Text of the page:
Passionfruit Slice: Brush 16x26cm slab pan with melted butter; line base and long sides with paper; allow overhang. Use wooden spoon to combine 1c S.R. flour, 1c desiccated coconut, 1/2c caster sugar and 100g butter, melted (or replace Scotch Fingers for flour). Use hands to bring dough together in bowl; transfer to pan. Use metal spoon to press firmly into pan; bake 12mins in 180C oven; cool. Reduce oven to 150C. Whisk until smooth, 395g condensed milk, 1/2c fresh lemon juice and 2tbs passionfruit pulp; spread evenly over base; bake 15mins, until just firm. Cut into slices when completely cool.

Sunday, May 12, 2013


BudgerigarsMy Birthday on Hinchinbrook Island

Purposefully, I fly under the radar whenever I can; which is always if I can get away with it. It’s how I like living my life. I keep to myself as much as possible. I enjoy my own company; I cherish privacy and my own space. I never experience pangs of loneliness. Being alone is how I’m meant to be, I believe. If that is the case and my destiny, I can see no point in my bucking against it. Go with the flow is my motto; it surely makes life easier. I spent my working life dealing with people...many people, at all times. And, often - 24/7 - in many various situations.

Nowadays, when my minutes, hours, days and weeks are my own to play with at my own will and choice, there are times I fly so far beneath the radar I practically skim the ground. The grass beneath me stirs from the breeze caused by my gliding so close to it. I think I’m becoming a quail. Hang on for a second or two while I shake my tail feathers! Look closely now because quails don’t have much as far as tail feathers are concerned. If you blink you might miss the life-changing event!

I’m not fond of caged birds. Don’t misunderstand me - I’m very fond of birds. I love birds. It’s the cages I don’t like. I’m against the imprisonment, in cages, of free-spirited creatures, which include me!

When we were kids, my brother built a large, airy aviary, wherein he kept colourful budgerigars and a variety of finches. The aviary’s bottom-dwellers, keeping the area clean, were a family of quails. The birds were my brother’s responsibility; I had little to do with them. In those days, many people had aviaries in their yards; my brother wasn’t alone in his hobby.

An uncle, thrice-removed or even further away along the family tree (he was married to a cousin of our grandmother) who lived not far from us in Gympie converted his back garden into a magical wonderland. Stone-paved paths meandered through a multitude of blooming rose bushes, lush hydrangeas, daisies, chrysanthemums, lilies and a profusion of other flowering plants of denominations I’ve since forgotten; or of which I never did have knowledge.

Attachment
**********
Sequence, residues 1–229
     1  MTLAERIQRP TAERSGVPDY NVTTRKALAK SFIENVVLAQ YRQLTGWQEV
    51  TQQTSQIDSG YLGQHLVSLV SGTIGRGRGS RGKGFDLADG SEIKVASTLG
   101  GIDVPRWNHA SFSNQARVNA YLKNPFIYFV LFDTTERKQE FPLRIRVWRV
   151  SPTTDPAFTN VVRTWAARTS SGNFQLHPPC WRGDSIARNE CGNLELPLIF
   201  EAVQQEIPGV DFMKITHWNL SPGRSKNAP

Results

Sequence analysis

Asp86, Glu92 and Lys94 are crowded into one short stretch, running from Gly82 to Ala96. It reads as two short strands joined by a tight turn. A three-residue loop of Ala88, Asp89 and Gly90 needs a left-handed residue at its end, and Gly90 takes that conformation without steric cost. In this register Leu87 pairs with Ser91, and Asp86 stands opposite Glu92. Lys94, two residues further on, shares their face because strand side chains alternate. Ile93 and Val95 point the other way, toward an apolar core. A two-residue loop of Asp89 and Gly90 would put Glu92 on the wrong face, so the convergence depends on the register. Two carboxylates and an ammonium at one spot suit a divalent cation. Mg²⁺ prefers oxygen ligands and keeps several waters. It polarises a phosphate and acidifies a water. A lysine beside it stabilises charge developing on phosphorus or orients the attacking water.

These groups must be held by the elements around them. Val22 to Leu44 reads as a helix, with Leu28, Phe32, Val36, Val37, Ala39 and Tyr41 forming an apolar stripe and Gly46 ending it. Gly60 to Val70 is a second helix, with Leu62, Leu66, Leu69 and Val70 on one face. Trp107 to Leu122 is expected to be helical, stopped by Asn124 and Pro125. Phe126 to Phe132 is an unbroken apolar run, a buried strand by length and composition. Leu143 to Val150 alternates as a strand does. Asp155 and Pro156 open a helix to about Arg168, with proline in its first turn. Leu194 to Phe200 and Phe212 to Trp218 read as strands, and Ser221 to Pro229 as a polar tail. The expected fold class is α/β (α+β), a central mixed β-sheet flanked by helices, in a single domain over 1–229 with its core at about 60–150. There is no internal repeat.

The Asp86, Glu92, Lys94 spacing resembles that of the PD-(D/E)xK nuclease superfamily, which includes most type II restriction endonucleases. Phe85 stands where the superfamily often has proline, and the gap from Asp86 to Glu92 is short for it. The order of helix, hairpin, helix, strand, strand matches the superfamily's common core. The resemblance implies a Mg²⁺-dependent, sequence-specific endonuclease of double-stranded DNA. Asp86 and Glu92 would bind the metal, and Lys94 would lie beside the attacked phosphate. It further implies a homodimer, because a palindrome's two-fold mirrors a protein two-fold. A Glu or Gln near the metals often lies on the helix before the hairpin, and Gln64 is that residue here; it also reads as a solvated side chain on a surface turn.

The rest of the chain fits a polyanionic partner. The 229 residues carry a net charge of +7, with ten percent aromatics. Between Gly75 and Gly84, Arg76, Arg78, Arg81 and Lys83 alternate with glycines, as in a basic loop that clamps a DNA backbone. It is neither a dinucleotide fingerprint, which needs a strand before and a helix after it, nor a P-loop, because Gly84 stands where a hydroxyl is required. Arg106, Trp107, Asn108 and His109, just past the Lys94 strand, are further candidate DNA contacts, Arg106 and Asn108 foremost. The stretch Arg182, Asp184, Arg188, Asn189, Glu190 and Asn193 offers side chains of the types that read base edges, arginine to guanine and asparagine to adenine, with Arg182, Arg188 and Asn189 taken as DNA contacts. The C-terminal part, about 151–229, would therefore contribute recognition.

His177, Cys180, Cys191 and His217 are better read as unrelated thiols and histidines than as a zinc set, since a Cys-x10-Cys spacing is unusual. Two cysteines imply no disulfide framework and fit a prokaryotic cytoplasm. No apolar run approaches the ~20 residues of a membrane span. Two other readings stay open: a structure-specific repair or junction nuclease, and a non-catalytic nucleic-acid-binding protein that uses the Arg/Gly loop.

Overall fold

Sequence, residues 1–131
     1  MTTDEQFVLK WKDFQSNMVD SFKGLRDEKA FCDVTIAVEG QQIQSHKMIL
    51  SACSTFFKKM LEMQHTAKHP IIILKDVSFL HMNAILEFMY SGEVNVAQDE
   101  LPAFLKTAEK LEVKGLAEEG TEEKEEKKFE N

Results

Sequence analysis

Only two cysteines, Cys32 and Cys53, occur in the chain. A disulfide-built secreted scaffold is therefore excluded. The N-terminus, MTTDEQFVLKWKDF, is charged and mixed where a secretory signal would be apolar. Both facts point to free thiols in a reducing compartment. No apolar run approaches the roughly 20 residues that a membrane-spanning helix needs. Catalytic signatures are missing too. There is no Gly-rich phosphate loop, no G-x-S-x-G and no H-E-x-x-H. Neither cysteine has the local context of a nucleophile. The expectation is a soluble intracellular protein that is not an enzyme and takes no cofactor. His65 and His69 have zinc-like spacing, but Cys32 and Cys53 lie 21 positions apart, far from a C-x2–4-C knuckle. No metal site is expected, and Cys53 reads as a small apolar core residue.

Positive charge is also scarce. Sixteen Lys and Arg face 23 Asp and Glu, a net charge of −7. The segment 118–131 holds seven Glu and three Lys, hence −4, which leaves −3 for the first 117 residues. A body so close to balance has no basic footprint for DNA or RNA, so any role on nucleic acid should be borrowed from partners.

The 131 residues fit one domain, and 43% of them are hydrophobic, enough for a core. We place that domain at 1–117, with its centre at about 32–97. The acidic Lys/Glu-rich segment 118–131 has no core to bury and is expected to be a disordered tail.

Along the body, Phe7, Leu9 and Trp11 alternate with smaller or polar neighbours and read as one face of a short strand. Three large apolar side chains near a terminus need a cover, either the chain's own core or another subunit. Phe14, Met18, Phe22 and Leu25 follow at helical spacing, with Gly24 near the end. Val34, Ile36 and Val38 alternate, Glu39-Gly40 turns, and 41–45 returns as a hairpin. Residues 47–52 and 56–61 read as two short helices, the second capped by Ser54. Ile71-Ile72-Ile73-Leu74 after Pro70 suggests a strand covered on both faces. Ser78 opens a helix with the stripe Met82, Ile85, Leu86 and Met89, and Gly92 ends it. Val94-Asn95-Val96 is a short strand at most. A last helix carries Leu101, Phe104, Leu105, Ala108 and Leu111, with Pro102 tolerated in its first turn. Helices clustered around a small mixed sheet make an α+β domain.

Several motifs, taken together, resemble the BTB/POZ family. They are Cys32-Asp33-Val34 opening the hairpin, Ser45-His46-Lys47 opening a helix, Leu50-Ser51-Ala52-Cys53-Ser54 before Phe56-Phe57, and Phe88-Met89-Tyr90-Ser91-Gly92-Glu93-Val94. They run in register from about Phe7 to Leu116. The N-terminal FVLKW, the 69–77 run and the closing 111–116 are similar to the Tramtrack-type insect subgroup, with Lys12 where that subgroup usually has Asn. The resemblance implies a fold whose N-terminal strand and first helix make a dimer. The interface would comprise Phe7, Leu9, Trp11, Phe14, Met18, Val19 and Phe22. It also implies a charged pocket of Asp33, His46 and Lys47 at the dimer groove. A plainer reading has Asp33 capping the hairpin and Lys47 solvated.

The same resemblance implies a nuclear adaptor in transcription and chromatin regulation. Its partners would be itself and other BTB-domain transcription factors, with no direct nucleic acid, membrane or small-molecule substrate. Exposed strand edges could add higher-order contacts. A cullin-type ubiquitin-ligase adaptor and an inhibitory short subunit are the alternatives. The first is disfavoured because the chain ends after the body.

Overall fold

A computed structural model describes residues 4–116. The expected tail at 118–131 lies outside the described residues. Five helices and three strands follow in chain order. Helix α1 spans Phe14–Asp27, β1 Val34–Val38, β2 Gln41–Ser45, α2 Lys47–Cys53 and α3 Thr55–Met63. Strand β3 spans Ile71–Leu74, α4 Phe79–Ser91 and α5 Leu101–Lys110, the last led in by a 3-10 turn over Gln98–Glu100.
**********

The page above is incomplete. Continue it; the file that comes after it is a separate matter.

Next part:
In the midst of the kaleidoscopic garden well-trimmed, glossy-leafed hedges mimicked a maze. The mini-maze intrigued and thrilled all visitors to the garden. It created a world of fantasy to children and adults alike. Intermingled with the picturesque landscape large aviaries housed birds of wide and varied plumes. At their own free will, proud peacocks nonchalantly wandered around the garden, disdainfully ignoring the presence of all other creatures, human or otherwise.

Often I have difficulty eating small birds! Chickens, ducks, a goose, even, never deter my appetite, but if a small bird, cooked, of course, is placed before me, I tend to ponder a while…whether I should; or whether I should not…

Allow me to explain.

One Saturday night many years ago, I prepared a meal of Chicken in the Basket for my then husband and me. No sooner had I placed our meals in front of us on the table we both looked at each other rather gloomily; and then we looked back at the poor little golden-roasted poussins aka small, young, spring chickens surrounded by crisp French Fries in their napkin-lined baskets.

Simultaneously, we removed the ill-fated birds from the baskets and returned them to the kitchen; our dinner that blighted night consisted of hot potato chips and side salads.

Sunday arrived. I disguised the chickens by de-boning them and turning the flesh into a curry.